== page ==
/* It's up to you to control iterations programatically. */
    while( iterations < 100 ) {
      try {

      } catch (WebDriverException e) {
        String[] lines = e.getMessage().split("\\r?\\n");
        System.err.println("Webdriver exception: " + lines[0]);
      } catch(InterruptedException e) {
        String[] lines = e.getMessage().split("\\r?\\n");
        System.err.println("Browser terminated early: " + lines[0]);
      } catch(Exception e) {
        String[] lines = e.getMessage().split("\\r?\\n");
        System.err.println("Other exception: " + lines[0]);
      } finally {



​ So firstly, we set the iterations variable to an initial value of 0. It is important that this be done before the iterations loop is defined further down the script, otherwise you will keep setting it to 0 at every iteration and the script will infinitely execute.

The iterations loop is defined as a standard while loop.

while( iterations < 100 ) { ... }

Try ... Catch ... Finally

The try ... catch ... finally block also plays an important role within the iterations loop as it contains all the test steps relevant to your whole test scenario.

Inside the try ... block - all your test case steps belong here.

while( iterations < 20 ) {
      try {

        flood.passed_transaction(driver, "Website loaded successfully.", 200, 200.0);

        WebElement loginBtn = driver.findElement(By.xpath("//*[@id='main-signin-home']/header/div[2]/div[1]/button[3]"));;


        /* Good idea to introduce some form of pacing / think time into your scripts */

      } catch (WebDriverException e) { ...

So we have a small amount of steps within the try ... block. All we are doing here is navigating to the site and clicking on the Login button. Your script will most likely have a lot more steps because this is just for demonstration purposes.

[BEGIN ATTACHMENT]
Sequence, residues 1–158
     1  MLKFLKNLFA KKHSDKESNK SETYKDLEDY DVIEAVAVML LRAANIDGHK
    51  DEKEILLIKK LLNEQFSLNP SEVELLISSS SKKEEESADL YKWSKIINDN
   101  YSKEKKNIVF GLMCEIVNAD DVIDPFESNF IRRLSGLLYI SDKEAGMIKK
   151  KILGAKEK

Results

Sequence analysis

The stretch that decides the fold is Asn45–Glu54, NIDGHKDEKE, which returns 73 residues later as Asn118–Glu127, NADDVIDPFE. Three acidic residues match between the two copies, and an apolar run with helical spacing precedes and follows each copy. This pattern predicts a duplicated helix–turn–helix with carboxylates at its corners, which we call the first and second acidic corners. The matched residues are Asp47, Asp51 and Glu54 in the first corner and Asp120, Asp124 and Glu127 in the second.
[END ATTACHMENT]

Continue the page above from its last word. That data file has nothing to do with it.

Also notice that at the end of the test steps - we increment the iterations variable with:


This is essential as it allows us to progress to the last iteration and therefore the completion of the test.

The Thread.sleep statement is also recommended to include at the end of the test steps as it allows some Real-world Wait Time™ to be added in between iterations.


For debugging purposes it is a great idea to write out variables or messages to the System output log, just like this:

System.out.println("Hello World - This is the front page");

This will help in debugging during a test and especially helpful if you are dynamically retrieving parameters or values from the page that will be used elsewhere in the script.

Cleaning Up

The last piece of the puzzle is to let the Flood Selenium node(s) know when the test has finished. This is achieved with two commands that are placed after the try ... catch ... finally block.

  • driver.quit() - This the Selenium WebDriver specific command to essentially cleanup all the resources and ensure a clean shutdown of the loaded driver.

  • flood.finished() - This statement notifies the Flood infrastructure that the test has finished and any post test cleanup activities can be initiated.


/* Inform Flood the test has finished */

And We're Done

So at the end of all these steps - we have created a Selenium WebDriver scenario that contains all the essential Flood code to get you up and flooding.

The completed code example for this guide is available here: ​ If you found this advanced guide helpful please rate it! This gives The Flood team valuable feedback for what guides our customers are interested in.

Also, if you have any further questions please don't hesitate to ask one of our friendly Customer Success Engineers over at

Happy Flooding!